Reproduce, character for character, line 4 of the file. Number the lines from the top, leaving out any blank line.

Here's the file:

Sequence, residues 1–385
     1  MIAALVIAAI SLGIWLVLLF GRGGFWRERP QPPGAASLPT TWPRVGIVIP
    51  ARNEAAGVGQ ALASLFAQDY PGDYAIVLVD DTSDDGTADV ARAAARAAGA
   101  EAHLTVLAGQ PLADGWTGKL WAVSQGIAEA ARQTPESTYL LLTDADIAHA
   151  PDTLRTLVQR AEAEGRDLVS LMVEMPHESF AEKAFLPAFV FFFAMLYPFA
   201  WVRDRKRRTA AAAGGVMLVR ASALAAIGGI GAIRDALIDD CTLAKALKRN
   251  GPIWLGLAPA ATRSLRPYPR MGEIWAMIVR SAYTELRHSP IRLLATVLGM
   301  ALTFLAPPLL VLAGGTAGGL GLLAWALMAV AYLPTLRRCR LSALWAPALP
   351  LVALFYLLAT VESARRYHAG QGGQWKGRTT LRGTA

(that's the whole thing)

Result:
   101  EAHLTVLAGQ PLADGWTGKL WAVSQGIAEA ARQTPESTYL LLTDADIAHA